2014 World Cup Qualifying, Featured, February 2013, USMNT

Hex Begins in Honduras: Tall Order for Yanks in Qualifying Opener

One last hexagon for captain Carlos Bocanegra, who has been through these battles before.

One last hexagon for captain Carlos Bocanegra, who has been through these battles before.

Jon Levy

I really couldn’t have said it better than the US Soccer official site myself.

We’re not just playing Honduras, the third best team in CONCACAF. We’re not just playing them in one of the largest, loudest, most hostile venues in CONCACAF either. No, Honduras had to go and declare a national holiday for the afternoon. So you can be sure the stadium will be full, the fans will be in full voice, and the cervezas will be flowing. Maybe we should have brought Jonny Bornstein, King of Honduras, just to pacify the crowd.

In all honesty though, this is the perfect match to start what should be the toughest ever version of the CONCACAF final World Cup Qualifying round. If we’re gonna be in a fight, and we are, might as well take the shirt off and get a little bloody as early as possible. Time to acclimate.

The Series: The United States lead, 12-3-3. The Americans have fared pretty well against Los Catrachos in World Cup qualifying, sporting a record of 4-1-1, with the lone loss actually coming on American soil in 2001. More interestingly, the Yanks are 3-0 at he Estadio Olimpico Metropolitano in San Pedro Sula. The Americans won 3-2 at this same venue in October 2009. The Americans are 3-1-1 historically in Honduras.

Weather: Mid-80’s at kick. Hot. Sticky. Humid. Chance of rain around 30 percent. Chance of urine bags and batteries hurled: 100 percent.

Fun Fact about San Pedro Sula: Tallying 159 homicides per every 100,000 residents, San Pedro Sula was named the “World’s Most Violent Place” in 2011. Figures on 2012 aren’t conclusive at the time of this writing.

What we will see out of the Yanks? Timmy Chandler, for one.

What we will see out of the Yanks? Timmy Chandler, for one.

What will we see out of The Yanks?

We’re about to see three quarters of the backline of the future. Unless he changes his mind about America being awesome at the last minute (and yeah, if you were following in the Twitterverse, the “just saw Timmy Chandler at the Miami Airport, just saw Timmy Chandler at a hamburger stand, etc. tweets were a bit extreme), we’ll see a newly cap-tied Timmy “Son of Frankenstein” Chandler at right back. Put that together with Fabian Johnson at left back and you’ve got a lean, mean, pair of Germerican full backs. Add center half Geoff Cameron to the mix, and these are the guys we’ll probably see anchoring the American backline for many years to come. And yes, you can still expect to see captain Carlos Bocanegra alongside Cameron in this match and for many still to come. This is all the more likely given the fact that the Americans lost 2-1 without Bocanegra on the road in Kingston earlier in the qualifying tournament. The Captain’s nerve and experience is still essential to this team, particularly on the road.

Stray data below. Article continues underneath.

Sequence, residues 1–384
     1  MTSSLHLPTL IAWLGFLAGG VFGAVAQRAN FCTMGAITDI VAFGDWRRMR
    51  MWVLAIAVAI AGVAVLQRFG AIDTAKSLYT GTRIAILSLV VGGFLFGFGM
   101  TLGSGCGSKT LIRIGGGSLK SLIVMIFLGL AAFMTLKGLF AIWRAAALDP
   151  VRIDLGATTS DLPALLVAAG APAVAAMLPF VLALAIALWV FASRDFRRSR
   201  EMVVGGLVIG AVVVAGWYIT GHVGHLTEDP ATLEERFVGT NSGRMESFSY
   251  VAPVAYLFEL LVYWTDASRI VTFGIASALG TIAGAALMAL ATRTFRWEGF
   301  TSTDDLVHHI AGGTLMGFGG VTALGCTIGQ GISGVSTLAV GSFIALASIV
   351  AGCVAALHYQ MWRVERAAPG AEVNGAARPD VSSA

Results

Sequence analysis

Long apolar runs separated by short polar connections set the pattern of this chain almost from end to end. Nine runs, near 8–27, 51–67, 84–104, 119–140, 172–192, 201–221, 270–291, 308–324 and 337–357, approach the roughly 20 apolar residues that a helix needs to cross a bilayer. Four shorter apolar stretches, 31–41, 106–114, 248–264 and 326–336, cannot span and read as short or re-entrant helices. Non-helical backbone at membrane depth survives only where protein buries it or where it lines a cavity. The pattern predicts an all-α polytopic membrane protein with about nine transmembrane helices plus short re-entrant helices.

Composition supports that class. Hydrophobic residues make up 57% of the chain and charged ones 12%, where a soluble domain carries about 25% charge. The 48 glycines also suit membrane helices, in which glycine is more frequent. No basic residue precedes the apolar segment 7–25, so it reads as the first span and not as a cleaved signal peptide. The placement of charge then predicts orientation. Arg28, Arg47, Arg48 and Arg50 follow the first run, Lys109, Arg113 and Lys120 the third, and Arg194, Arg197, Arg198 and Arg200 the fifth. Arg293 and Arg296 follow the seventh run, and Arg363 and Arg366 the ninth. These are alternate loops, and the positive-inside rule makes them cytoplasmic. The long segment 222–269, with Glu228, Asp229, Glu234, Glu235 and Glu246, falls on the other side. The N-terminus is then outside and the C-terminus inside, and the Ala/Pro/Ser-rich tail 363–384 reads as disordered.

As for the midfield and the attack, Jurgen will be looking for consistency and calmness on the ball as always, but he should also be looking for a cutting edge that can turn possessions on the edge of the Honduran box into chances. If you watched the dreadfully boring friendly against Canada, you know of the general offensive impotence of which I type (even if that was the fourth string American team failing to find the seams). This inability to spring the lock on opposing disciplined defenses has sadly been a constant under Klinsmann, and unless you want to bite your nails through all of 2013, that better change soon. Thankfully, I think it will. The offensive nous of Chandler and Fabian Johnson will help the attack, as will the off-ball movement of players who’ve played together long enough to develop some semblance of chemistry. After a bad night in the Canada friendly Graham Zusi might just look good again when his teammates aren’t standing around, slack jawed, looking at him and wondering what he might do with the ball.

Among a glut of holding midfielders, Sacha Kljestan's creativity and ability to play three-touch football may be useful Wednesday off the bench.